I really don’t like that the Lord sends Hagar back to her oppressor, back to the place where she feels so openly despised, where her son will be treated as second-class, and where she’ll be banished yet again after Abram and Sarai bring Isaac into this world. I don’t like it at all. But I wonder if perhaps a grace of this command is that in even the worst place, God still sees. In even the hardest situation, God still recognizes. In even the most barren wilderness, God still says you’re worth the view. In even the deepest despair, God still says you matter.
Beloved siblings in Christ, I wonder if Hagar’s story might call us to be the onlookers to God’s vision. When those among us – and those who are us – find ourselves struggling to feel seen in our oppression, what if we become the bystanders, the onlookers, the eyewitnesses who can bear witness to what’s in our view? We’re not the seers – that’s God’s job – but we see the seer and seen alike. We’re like God’s neighborhood watch team. We’re like the ones who get out our phones to record an incident, so it doesn’t slip unnoticed in this world. We see those who are at the edges, those who try to shuffle through this life daring another to see them, those who are despairing in the wilderness of their lives. “You will be my witnesses,” Jesus will later tell his disciples as he departs. You, friends, will be each other’s witnesses for the sake of one another.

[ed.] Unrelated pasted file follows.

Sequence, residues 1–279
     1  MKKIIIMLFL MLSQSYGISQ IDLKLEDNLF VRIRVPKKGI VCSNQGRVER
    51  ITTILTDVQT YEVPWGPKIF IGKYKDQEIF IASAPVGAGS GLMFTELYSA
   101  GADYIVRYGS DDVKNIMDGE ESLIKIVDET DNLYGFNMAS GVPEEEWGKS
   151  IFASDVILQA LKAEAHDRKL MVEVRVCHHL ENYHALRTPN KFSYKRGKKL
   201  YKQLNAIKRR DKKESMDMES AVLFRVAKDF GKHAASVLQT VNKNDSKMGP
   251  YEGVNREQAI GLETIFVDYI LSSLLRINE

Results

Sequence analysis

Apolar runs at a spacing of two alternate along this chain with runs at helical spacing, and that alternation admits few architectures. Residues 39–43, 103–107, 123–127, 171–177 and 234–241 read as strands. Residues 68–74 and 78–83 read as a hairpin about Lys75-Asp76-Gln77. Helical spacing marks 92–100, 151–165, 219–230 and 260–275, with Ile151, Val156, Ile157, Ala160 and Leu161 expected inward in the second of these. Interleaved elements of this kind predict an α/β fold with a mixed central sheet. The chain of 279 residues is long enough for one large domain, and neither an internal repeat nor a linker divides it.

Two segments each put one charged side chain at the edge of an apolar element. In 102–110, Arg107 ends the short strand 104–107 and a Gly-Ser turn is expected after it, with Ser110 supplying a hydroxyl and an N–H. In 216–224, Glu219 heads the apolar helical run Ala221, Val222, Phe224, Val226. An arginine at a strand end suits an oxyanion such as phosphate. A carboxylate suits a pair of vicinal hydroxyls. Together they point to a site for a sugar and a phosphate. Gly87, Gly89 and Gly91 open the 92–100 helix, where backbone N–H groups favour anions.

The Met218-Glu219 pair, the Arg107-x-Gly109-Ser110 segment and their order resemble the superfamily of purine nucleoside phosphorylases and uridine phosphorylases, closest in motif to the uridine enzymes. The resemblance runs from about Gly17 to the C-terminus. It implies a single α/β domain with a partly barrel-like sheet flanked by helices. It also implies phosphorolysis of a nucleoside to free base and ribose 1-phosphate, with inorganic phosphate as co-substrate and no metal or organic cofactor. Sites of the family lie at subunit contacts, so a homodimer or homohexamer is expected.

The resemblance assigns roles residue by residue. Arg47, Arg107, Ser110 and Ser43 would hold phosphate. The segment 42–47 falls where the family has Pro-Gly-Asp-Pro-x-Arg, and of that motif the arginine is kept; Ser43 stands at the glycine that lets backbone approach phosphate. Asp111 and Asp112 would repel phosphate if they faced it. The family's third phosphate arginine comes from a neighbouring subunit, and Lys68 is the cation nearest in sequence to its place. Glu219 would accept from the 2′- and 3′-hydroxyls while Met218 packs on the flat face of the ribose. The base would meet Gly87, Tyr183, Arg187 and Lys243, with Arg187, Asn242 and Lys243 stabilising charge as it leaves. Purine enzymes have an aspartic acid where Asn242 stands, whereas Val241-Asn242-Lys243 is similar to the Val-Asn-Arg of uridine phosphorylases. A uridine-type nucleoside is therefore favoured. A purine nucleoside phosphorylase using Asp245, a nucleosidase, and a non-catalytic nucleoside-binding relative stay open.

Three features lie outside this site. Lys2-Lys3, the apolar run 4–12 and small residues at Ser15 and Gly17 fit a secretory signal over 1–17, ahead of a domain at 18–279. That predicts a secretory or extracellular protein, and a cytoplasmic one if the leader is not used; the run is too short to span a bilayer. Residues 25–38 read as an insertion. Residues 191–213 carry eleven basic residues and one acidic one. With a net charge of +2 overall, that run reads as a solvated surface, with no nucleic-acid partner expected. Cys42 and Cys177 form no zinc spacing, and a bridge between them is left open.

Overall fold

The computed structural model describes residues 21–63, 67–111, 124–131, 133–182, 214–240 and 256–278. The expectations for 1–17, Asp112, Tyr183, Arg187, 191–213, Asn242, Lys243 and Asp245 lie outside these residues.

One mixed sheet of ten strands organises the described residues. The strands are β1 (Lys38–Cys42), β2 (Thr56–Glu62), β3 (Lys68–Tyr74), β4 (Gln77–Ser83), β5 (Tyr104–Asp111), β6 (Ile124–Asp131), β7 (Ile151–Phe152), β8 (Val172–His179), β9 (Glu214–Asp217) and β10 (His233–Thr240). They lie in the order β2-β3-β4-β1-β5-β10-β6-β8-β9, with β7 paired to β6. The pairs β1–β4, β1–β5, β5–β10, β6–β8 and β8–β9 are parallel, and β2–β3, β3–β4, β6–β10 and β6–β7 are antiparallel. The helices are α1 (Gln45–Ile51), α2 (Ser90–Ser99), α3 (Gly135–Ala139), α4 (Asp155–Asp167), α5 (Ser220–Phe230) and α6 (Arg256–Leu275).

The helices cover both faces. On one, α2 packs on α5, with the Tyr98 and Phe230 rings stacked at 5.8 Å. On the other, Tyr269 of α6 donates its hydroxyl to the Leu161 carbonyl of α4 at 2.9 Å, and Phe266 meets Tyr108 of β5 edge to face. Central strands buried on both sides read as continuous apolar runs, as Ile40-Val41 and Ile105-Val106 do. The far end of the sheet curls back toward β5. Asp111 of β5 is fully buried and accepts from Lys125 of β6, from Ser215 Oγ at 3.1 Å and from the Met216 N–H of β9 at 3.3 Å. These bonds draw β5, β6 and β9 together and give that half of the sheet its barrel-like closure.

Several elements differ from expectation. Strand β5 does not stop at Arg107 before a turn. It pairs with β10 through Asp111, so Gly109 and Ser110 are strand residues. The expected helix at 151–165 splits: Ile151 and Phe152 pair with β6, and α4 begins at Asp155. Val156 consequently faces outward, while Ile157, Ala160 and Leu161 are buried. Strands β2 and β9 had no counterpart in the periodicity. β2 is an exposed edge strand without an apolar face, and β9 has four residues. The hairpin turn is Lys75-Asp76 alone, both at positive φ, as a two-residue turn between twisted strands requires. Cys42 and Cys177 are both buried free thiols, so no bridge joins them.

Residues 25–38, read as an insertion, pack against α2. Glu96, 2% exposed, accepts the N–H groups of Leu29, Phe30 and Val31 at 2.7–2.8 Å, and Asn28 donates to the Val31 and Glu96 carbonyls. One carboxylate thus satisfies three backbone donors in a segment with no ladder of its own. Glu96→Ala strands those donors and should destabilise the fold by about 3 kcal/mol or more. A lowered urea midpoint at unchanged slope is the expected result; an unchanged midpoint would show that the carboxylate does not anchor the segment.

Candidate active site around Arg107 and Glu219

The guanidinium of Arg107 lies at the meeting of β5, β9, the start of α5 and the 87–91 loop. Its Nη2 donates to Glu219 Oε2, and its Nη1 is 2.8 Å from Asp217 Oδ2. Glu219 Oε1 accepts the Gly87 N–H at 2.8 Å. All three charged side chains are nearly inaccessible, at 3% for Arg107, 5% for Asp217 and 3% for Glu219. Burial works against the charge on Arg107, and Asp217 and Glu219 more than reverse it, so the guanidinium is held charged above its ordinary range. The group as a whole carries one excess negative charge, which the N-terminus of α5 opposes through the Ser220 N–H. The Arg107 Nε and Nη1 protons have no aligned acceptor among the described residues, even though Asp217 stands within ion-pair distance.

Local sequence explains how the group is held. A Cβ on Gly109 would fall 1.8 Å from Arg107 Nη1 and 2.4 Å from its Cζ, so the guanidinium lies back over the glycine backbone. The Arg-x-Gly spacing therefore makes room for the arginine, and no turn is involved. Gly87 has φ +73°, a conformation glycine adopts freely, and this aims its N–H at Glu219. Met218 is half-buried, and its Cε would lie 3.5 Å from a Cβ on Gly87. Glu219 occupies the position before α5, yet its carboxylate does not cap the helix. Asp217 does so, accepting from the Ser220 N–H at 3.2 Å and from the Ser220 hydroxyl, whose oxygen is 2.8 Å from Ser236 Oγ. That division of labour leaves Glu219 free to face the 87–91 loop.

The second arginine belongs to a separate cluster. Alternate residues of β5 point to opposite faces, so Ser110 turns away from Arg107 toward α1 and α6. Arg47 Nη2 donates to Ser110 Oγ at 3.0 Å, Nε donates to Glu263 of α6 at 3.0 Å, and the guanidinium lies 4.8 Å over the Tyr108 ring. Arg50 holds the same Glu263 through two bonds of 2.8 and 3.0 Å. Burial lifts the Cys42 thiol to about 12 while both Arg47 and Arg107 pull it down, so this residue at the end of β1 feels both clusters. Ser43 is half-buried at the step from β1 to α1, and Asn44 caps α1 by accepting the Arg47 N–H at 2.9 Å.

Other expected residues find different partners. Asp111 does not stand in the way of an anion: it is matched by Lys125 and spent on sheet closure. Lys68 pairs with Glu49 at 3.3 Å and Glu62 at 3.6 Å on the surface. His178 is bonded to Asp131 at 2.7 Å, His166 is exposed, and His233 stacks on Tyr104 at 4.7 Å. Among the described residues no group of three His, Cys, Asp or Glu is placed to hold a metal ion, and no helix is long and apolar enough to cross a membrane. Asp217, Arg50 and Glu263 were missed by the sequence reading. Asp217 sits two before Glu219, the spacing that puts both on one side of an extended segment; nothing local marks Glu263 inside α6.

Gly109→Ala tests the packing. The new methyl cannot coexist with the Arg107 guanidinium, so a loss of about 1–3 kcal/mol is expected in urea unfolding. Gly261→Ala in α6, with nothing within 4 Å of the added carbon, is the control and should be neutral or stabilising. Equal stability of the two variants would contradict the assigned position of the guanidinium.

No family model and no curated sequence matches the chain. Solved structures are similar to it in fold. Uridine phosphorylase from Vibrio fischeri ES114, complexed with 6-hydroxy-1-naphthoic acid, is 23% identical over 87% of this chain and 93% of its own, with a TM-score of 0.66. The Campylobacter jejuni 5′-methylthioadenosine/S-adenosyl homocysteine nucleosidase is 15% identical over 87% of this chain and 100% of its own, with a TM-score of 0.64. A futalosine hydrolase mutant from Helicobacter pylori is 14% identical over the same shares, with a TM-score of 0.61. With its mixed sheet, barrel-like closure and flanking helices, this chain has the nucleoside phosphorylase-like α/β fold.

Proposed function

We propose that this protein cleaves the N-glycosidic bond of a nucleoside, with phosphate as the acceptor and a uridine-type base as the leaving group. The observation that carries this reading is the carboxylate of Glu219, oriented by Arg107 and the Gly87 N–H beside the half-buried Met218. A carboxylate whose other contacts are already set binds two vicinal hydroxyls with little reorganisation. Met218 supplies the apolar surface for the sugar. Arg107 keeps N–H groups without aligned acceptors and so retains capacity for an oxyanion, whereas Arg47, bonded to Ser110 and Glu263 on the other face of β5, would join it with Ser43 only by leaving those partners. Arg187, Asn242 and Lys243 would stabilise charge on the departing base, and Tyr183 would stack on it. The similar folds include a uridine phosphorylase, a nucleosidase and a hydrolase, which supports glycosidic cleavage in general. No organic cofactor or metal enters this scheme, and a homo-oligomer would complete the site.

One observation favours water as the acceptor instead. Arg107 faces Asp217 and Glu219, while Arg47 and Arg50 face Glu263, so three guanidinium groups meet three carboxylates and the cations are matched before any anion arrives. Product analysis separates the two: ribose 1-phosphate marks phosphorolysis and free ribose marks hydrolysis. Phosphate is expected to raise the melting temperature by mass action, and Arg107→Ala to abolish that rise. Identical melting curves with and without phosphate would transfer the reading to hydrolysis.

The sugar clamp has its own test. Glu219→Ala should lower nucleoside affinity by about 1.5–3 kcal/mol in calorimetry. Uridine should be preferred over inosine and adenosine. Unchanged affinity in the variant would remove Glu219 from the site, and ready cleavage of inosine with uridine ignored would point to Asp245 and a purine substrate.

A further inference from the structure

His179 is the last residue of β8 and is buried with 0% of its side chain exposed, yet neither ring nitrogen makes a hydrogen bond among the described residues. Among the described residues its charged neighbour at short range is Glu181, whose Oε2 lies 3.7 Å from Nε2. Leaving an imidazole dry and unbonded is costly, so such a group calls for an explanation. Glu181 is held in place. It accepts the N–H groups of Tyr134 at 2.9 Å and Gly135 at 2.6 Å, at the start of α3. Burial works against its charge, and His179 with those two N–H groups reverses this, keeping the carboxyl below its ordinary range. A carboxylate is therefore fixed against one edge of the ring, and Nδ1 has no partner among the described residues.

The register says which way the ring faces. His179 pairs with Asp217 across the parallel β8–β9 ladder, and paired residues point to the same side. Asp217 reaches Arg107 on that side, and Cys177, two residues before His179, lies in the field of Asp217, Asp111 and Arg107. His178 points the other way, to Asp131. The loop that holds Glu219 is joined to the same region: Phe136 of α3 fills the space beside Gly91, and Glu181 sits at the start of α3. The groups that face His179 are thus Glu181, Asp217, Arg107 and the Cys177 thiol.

This friend I told you about who shuffles through life? Well he has a neighborhood watch team now. He has some onlookers, some holy eyewitnesses by his side. When they saw a looming crisis that they knew he would not recover from, they stepped right in – pressing their bodies and souls and minds and hearts toward this beloved one. Giving their money, their time, their strength to uphold his dignity and surround him with their care. You might even call them the church. You might even call them our church. And in their wake, you can’t miss the echo of truth they claim: God sees you. And I see you too.
Would you be a holy eyewitness too?